The president of the Silicon valley lobbying firm TechNet argues that for every H-1B professional brought into the U.S., at least 3 new jobs are created in sales, marketing, and manufacturing. Ultimately, the hiring of foreign computer professionals does not take away jobs from American workers, bur rather creates more jobs. One of Microsoft's recruiting directors said in an article in Business Week, "We can cut off our immigration now, and blow away one of the best industries the U.S. has going for it" (Yang, 161). Proponents of the bill say that the influx of foreign professionals boosts U.S. economy as well as the standard of living. In a letter to Vice President Al Gore regarding Clinton's threats to veto HR 3736, Intel president Craig Barrett wrote:
My simple interpretation of the
current administration's requests is that the U.S. industry will move jobs
out of the U.S.
rather than attempt to satisfy the complex proposed requirements. This means that domestic jobs will be lost, domestic
income will be lost, and the general standard of living will decline (Freedberg, 8).
Universities are also supporters of the increased cap. The number of foreign born science and engineering graduate students has risen rapidly over the last 10 years. The National Science Foundation reports that 49% of doctoral students in computer science in 1993 were foreigners. The talent and research potential of these students are valued assets to university campuses. Unlike temporary worker visas, there are no limits or caps on student visas. Foreign students enter the U.S. on a student visa, called an F-1. Upon graduating, the F-1 visa allows the student to stay in the country for an additional year to gain "practical training." During that year, many F-1 recipients find companies that want to hire them and are willing to sponsor an H-1B petition for them. Proponents argue that since these students are being trained in American universities, why not let them contribute their knowledge in the U.S. by working for American companies.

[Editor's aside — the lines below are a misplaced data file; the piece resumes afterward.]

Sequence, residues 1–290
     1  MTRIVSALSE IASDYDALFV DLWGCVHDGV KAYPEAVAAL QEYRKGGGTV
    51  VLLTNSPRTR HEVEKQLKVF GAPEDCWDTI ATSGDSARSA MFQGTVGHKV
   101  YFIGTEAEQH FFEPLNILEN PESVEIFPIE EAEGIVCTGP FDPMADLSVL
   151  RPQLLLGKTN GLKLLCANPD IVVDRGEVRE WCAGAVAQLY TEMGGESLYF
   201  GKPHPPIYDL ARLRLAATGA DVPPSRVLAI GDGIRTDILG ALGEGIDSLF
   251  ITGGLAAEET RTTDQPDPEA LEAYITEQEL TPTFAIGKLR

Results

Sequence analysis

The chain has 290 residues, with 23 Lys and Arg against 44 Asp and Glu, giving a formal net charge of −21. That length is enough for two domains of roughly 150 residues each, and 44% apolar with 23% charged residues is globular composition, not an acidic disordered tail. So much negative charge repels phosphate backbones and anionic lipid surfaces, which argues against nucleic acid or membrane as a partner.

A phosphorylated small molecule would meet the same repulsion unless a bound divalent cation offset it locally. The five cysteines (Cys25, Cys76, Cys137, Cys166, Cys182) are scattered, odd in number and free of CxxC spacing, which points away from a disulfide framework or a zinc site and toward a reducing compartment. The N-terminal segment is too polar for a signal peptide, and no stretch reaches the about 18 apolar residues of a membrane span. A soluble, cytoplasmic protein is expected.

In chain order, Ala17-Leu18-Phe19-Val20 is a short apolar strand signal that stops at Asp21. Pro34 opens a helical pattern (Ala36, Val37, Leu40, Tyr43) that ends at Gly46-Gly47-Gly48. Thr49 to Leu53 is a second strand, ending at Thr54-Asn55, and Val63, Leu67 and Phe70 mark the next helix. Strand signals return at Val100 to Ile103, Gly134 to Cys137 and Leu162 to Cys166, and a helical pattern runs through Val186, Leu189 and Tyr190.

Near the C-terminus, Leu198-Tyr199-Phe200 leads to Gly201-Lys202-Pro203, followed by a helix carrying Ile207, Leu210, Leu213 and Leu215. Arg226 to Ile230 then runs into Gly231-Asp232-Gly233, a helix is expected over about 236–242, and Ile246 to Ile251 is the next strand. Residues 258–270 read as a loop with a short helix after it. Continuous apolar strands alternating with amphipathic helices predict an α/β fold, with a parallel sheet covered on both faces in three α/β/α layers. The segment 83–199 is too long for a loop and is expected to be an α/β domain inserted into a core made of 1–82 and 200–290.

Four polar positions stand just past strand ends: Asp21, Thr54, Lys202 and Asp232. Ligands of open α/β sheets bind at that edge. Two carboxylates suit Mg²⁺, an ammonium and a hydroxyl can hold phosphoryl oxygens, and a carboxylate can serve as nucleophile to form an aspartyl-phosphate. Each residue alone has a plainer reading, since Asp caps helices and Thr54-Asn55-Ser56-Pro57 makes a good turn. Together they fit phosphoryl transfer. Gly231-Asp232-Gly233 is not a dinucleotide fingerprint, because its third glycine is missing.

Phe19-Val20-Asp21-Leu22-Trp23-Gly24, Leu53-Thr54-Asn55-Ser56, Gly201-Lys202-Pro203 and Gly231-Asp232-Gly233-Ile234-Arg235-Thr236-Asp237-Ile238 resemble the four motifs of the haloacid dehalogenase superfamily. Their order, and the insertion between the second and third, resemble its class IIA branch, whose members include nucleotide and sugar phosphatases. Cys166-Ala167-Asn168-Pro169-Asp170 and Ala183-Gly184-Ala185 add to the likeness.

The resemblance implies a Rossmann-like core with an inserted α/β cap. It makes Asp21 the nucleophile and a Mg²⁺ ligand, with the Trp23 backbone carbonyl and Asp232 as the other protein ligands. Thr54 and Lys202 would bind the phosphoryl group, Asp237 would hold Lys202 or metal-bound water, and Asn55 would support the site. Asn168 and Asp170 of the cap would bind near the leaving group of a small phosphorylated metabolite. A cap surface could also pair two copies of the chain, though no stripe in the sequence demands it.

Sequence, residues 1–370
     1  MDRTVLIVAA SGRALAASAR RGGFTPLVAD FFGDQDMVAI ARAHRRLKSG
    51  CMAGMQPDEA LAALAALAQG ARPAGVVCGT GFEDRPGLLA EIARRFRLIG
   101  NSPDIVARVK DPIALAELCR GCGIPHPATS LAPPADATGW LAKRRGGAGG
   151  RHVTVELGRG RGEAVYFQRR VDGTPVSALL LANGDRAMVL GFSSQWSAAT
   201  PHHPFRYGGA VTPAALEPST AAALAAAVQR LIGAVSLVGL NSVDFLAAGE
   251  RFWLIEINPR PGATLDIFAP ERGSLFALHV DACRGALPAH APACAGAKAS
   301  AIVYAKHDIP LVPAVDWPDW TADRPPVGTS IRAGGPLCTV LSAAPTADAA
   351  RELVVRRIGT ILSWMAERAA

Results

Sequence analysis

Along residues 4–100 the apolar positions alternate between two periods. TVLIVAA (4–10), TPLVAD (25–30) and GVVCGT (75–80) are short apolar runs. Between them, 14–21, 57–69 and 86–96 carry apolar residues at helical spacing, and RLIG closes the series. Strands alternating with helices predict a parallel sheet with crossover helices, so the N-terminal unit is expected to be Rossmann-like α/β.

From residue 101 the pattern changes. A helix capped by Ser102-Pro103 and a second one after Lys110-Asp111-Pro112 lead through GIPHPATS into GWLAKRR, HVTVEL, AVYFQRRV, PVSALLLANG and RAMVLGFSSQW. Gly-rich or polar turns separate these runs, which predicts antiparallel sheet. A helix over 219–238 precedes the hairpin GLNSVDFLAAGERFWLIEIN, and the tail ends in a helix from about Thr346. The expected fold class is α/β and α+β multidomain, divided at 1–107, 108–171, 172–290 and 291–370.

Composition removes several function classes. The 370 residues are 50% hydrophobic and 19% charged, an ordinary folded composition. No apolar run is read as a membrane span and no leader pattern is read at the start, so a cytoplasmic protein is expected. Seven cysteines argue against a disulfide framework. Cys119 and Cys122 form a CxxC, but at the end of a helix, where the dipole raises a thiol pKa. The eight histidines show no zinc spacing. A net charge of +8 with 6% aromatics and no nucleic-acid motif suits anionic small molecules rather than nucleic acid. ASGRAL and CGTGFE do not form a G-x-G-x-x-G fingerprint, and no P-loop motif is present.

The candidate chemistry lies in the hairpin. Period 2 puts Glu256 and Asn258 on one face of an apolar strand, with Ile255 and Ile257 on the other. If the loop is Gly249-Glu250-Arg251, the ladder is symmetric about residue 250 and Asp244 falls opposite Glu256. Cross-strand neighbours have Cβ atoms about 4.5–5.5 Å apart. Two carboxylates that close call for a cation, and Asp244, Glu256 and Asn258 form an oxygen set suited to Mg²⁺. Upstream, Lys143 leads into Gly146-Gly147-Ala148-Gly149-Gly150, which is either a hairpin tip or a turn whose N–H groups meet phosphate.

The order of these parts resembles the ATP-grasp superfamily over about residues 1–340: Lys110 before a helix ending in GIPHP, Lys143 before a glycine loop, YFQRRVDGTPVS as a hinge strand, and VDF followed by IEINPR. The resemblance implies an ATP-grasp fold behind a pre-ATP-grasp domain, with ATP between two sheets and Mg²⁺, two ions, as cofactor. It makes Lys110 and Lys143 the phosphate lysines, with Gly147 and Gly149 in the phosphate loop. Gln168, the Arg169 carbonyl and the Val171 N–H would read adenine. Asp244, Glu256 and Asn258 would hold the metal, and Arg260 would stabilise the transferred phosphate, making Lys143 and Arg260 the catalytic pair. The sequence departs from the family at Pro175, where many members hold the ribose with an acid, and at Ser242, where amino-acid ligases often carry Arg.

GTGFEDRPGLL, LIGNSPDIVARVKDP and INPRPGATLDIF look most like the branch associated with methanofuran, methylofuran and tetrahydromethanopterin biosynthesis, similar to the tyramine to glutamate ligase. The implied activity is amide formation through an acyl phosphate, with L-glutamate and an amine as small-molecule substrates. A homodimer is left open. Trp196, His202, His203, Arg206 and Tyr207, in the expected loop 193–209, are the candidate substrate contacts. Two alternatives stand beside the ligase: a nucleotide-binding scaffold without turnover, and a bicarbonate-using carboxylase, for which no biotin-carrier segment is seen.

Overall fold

Politicians are also taking a stand on this issue. Of course, not all politicians are supportive of this measure, and in fact many oppose it, citing that it does not protect the American worker. However, the high tech industry is today what Hollywood was ten years ago: a huge source of monetary contributions for the election season. When President Clinton was threatening to veto HR 3736, California Governor Pete Wilson (R-CA) urged Clinton to pass the bill. He posed to the president "Your veto would be interpreted as nothing less than a betrayal of your oft-stated support of our high-tech industry." The Los Angeles Times also reported that "Craig Barrett, president of Intel, faxed a terse letter to Vice President Al Gore, who has spent much time courting the high-tech industry, accusing the administration of issuing a 'new veto threat along with a long list of demands' that would impose impossible bureaucratic obstacles." (Freedberg, A3). The pressure on the politicians seems to have worked. President Clinton eventually signed the bill. Politicians have a vested interest in the high tech industry, as it not only boosts the American economy, it also places the U.S. as the forerunner for high tech research and development.
Pallab Chatterjee, president of Texas Instruments calculator and personal notebook group, who also happens to be foreign born, sums up the industry's position on the issue of hiring foreign nationals. He said "We need to be able to compete with the best research minds in the world… Our primary consideration is the capability of the researcher, not his country of origin" (Yang, 161).
Some argue that the technology worker shortage does not really exist. The same people vehemently oppose the legislation allowing an additional 114,000 foreign workers into the country. They claim foreign workers undercut American workers - both citizen and permanent residents - by accepting to work for lower salaries. In addition, many foreign workers tend to be young and unmarried; therefore, they are able to work long hours and do not have many personal responsibilities outside of work, such as family obligations.
Dr. Norman Matloff, a professor of computer science at the University of California at Davis argues that a shortage of qualified workers does not exist, but a shortage of cheap qualified workers does. According to his testimony to the U.S. House Judiciary Committee, he says age discrimination against American programmers over the age of 35 is very common in the computer industry. He finds that companies do not want to hire older workers because they cost more (in salary, benefits, and options), they do not have experience in the newest "hot" skills, and they have more personal responsibilities that limits the number of hours they are willing to work. A study done by Harvard economist George Borjas found that "native workers lose $133 billion a year in lower salaries because of immigrant competition; employers pocket the money, and then some, as reduced expenses" (Nelson, 5).